Coastal wetlands—including salt marshes, tidal forested wetlands, and seagrasses—can sequester more carbon per acre than inland forests, making them some of the world’s most effective natural carbon sinks. So, states [including California] are increasingly incorporating the protection and restoration of these “blue carbon” habitats into their broader initiatives to reduce greenhouse gas emissions and meet their climate change goals. Although states use different approaches to incorporating coastal wetlands into their climate planning, some common elements are high-level leadership and policy goals, quality data and established methodologies for understanding blue carbon trends, and partnerships for effective implementation.

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Aquafornia news Courthouse News Service

Sacramento delta stewards eye climate change protection for levees, habitats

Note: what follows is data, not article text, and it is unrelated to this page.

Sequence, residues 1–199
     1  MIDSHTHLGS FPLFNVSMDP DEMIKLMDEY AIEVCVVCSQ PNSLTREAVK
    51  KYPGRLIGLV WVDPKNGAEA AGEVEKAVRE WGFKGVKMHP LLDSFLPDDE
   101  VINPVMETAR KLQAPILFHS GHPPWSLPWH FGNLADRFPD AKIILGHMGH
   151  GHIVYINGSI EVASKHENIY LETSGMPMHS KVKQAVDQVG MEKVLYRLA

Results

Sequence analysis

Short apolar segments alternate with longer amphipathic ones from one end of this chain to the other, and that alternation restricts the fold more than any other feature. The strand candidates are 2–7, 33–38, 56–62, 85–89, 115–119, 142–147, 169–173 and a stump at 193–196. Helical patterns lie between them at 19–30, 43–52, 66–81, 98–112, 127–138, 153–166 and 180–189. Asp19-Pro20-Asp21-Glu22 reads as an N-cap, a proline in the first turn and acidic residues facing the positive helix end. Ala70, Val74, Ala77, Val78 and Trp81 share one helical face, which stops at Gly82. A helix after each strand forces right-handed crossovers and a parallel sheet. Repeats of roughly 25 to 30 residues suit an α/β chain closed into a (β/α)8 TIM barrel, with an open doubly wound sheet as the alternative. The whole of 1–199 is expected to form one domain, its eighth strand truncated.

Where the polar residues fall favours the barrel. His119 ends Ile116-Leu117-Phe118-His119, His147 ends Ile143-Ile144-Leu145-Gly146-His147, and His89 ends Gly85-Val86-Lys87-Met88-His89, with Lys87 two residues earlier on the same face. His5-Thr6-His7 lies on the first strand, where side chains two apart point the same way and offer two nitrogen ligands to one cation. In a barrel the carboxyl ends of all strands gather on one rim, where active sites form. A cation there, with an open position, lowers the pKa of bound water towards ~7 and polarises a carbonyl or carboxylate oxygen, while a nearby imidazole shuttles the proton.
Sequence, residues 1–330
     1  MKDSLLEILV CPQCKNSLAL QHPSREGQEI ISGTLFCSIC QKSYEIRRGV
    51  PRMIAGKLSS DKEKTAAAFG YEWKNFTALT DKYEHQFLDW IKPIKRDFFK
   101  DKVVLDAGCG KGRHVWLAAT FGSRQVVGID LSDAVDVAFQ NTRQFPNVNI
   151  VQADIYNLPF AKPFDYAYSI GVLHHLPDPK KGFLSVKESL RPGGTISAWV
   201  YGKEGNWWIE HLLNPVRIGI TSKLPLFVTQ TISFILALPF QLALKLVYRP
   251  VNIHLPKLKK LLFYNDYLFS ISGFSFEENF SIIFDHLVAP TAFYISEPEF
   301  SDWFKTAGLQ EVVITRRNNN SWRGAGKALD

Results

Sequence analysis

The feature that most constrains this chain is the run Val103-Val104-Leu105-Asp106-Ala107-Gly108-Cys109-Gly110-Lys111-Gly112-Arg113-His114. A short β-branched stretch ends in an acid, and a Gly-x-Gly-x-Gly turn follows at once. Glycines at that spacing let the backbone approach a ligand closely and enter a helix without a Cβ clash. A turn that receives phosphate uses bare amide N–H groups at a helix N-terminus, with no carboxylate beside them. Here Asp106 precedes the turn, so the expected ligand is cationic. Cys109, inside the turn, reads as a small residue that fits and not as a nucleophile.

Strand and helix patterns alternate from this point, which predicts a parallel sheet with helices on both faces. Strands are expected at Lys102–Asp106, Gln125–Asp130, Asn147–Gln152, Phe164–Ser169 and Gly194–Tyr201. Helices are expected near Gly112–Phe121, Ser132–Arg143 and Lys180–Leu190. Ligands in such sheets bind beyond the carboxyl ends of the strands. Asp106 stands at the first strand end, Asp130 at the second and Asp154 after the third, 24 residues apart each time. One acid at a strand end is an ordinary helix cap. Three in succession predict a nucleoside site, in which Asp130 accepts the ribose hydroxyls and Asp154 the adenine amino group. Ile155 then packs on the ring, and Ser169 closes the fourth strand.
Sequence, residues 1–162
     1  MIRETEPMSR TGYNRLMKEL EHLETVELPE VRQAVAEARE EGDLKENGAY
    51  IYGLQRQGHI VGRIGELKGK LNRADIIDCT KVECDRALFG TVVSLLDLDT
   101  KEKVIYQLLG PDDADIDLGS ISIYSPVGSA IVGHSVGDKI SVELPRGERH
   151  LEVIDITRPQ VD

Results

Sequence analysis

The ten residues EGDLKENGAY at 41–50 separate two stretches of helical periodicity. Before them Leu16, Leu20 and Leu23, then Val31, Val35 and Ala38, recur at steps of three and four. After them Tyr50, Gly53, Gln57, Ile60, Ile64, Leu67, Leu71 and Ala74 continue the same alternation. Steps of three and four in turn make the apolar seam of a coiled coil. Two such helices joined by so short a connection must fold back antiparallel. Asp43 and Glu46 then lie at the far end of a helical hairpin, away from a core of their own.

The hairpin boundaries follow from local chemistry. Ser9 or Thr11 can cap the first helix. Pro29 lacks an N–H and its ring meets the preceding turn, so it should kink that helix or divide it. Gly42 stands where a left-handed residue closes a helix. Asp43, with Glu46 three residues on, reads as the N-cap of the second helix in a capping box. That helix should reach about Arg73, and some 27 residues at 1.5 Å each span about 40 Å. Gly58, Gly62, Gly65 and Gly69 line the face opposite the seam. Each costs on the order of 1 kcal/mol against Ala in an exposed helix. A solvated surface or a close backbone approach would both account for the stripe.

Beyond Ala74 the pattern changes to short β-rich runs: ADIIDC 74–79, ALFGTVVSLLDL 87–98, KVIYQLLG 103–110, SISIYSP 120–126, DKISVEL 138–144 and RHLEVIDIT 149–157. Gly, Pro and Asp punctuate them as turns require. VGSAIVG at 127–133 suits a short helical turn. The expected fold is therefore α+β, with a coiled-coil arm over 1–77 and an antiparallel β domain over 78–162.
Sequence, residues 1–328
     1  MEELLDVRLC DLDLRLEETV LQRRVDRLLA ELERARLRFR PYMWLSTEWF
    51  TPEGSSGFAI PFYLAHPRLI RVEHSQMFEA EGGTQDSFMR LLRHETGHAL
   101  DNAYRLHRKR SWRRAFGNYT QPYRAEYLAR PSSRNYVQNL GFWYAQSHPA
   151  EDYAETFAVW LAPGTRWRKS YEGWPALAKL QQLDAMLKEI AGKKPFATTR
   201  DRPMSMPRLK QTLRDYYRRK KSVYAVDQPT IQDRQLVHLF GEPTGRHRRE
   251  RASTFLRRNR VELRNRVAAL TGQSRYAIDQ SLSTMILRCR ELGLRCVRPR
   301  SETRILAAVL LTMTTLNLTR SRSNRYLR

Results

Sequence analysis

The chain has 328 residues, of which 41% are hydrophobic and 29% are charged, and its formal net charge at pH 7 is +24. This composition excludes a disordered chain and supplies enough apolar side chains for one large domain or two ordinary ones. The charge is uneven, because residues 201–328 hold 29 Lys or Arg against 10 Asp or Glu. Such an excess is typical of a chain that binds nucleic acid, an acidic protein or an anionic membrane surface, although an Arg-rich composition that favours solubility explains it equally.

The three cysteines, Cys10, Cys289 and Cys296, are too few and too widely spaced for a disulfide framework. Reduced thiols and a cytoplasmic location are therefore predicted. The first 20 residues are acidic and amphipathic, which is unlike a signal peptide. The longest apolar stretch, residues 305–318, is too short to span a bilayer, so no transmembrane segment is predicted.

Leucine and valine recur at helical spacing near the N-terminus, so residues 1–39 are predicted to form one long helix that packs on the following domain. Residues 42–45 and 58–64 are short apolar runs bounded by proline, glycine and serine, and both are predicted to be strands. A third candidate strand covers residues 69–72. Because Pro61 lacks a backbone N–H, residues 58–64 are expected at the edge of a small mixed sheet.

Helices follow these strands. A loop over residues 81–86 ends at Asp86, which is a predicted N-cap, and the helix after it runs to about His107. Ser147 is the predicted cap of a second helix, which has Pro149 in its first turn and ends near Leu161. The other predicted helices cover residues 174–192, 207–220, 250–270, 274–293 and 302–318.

The Sacramento-San Joaquin River Delta faces significant challenges affecting the health of its waterways and ecosystem, and stewards say state agencies must accelerate efforts to prepare for the impacts of climate change and a growing urban landscape.  Delta Stewardship Council staff presented the Delta Plan Five Year Review on Thursday, recommending numerous measures to preserve precious water and environmental habitats against future crises such as extreme drought, sea level rise and earthquakes. The council recommended that stewards work with state regulators to improve the delta’s ecosystems and reduce reliance on delta water, and with landowners to identify affordable uses of sinking land for sustainable farming.